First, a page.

Interupted by reading

The best part of Christmas is getting books. And I got some wonderful ones this year.  I want to start with least “Christian-y” one, at least on the surface, because I’m going to challenge everyone to think about this, too. “A Year without Sugar” a memoir by Eve Schaub is really well written and really astonishing: A more or less normal family in Vermont went a year (with very few exceptions) without added sugar in their food and without artificial sweeteners either. I just happened to pick this book up at the library for no particular reason. It is really interesting: so much of our food supply is sweet. Food that doesn’t need to be sweet is sweet. Added fructose (the bad part) gains our bodies nothing. The stats on how as fructose has increased in foods, Americans mysteriously keep getting fatter and fatter…. the use of corn for sugar and the economic implications. How the poorer you are, the less access to food without sugar you have. This information was all new to me; and I may or may not have understood it all. But the stories of this family living without added sugar are truly what I loved. I’ve started reading labels. I’ve starting having sugar-free breakfasts. I’ve started trying to eat (even more) vegetables. While the Schaubs went hardcore sugar-free for a year, and I haven’t done that (yet), I’m definitely in a zone of more awareness. Inspirational! So each January as we all vow to be healthier, here’s the challenge I send out — just try to be mindful of the added sugar (honey, agave, fruit juice,  white sugar, brown sugar, HFCS, etc. etc.) that you eat. And drink more water.

Accidental Saints by Nadia Bolz-Weber is a fast, fun read and a beautiful glimpse into the life of a pastor. Nadia (I’ve read her book, I feel I know her on a first name basis) pastors a church called House of All Saints and Sinners in Denver. At the heart of the book is community; and it often isn’t the “cool kids” and you pretty much don’t get to pick — just wake up. Love the people you see. Sounds so easy….Nadia talks about churchy things and explains stuff and I wish I’d had this book when I was a baby Christian looking for the secret decoder ring translator. You guys are strange, I would think. Wash each other’s feet? Seriously? I’d wash Jesus’ feet but your feet? The year that I finally participated in that ritual, it was profound, for me maybe more so than communion. It is humbling and humiliating and nerve-wracking (did I do it right? long enough? do I look saintly? is this enough?) and there’s something about water, and something about towels, and something about how quiet everything gets deep inside me. I think Nadia would understand all that.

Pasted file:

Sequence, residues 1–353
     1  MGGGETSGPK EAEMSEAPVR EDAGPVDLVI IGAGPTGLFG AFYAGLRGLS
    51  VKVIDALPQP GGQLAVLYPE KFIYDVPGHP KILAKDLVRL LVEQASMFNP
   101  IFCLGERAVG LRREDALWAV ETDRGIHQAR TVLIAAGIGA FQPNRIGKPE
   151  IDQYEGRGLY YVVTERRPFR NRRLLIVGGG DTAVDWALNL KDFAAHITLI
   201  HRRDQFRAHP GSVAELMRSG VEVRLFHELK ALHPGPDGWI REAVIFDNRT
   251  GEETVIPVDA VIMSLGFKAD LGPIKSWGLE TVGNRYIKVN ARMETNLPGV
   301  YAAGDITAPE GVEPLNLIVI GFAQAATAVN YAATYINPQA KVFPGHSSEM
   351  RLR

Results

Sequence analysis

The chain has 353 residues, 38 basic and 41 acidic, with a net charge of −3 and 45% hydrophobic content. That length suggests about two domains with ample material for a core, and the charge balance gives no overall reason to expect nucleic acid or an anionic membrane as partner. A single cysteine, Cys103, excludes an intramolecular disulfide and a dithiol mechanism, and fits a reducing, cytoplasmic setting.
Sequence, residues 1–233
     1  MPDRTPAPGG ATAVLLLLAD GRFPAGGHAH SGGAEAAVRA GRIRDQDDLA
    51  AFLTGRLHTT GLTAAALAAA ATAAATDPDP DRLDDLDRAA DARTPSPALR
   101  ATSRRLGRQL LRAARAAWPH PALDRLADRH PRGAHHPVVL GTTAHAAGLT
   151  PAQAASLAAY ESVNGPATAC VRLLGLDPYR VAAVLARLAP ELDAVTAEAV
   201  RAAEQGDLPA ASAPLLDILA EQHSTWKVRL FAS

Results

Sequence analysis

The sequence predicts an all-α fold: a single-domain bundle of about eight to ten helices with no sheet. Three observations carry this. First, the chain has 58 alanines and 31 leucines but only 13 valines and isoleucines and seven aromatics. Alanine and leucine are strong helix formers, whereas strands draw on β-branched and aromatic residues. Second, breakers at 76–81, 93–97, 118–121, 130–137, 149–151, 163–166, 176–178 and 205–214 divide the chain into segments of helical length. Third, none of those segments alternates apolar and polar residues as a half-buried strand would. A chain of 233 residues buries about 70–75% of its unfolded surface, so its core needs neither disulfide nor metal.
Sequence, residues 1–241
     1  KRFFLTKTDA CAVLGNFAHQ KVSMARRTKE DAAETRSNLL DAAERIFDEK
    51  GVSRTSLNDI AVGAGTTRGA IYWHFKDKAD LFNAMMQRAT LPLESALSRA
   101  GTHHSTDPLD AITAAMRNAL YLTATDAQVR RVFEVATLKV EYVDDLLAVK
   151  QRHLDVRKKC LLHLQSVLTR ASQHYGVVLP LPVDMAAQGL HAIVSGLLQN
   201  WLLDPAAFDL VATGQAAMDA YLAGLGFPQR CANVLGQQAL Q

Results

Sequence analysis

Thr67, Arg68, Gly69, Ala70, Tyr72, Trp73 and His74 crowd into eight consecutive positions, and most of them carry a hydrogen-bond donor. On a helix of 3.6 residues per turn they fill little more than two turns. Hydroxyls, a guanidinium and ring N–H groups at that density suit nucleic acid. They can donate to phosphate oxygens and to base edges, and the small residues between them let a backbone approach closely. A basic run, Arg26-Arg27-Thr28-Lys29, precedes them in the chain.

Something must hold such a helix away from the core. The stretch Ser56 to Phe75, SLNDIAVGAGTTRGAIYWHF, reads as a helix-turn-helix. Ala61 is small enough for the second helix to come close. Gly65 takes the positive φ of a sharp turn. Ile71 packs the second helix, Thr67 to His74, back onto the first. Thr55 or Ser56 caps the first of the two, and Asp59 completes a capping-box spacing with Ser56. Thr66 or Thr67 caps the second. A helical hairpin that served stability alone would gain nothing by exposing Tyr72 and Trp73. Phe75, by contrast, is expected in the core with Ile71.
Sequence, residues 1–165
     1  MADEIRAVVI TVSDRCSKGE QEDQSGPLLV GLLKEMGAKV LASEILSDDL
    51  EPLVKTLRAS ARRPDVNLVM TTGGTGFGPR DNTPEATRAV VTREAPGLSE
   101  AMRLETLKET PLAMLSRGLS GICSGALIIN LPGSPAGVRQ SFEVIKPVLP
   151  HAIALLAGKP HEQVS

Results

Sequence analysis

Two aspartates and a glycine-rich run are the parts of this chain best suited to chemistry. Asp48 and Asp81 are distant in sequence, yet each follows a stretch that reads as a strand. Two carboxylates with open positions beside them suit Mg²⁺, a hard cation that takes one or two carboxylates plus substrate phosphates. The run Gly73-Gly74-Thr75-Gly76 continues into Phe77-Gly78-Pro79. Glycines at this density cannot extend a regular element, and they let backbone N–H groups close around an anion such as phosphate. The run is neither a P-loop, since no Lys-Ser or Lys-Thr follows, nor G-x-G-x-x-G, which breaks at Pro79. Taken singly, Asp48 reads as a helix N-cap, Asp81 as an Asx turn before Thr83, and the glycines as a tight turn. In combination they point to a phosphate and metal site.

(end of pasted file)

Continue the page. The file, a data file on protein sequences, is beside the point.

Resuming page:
Carry on, Warrior by Glennon Doyle Melton is a freaking revelation. From laugh out loud to tears. Searingly honest about family, faith, children, parenting, the love and beauty and joy of little kids and how completely bat-shit insane they make you because they have no brains yet. I commend pages 155 – 159 as being as funny as David Sedaris. Or more. That funny. And despite (because of?) the laughter there’s so much truth in her writing. So much kindness. So much love and hope and joy and generosity and mistakes and problems and healing and love. Tears in my eyes just thinking about it. Read this book!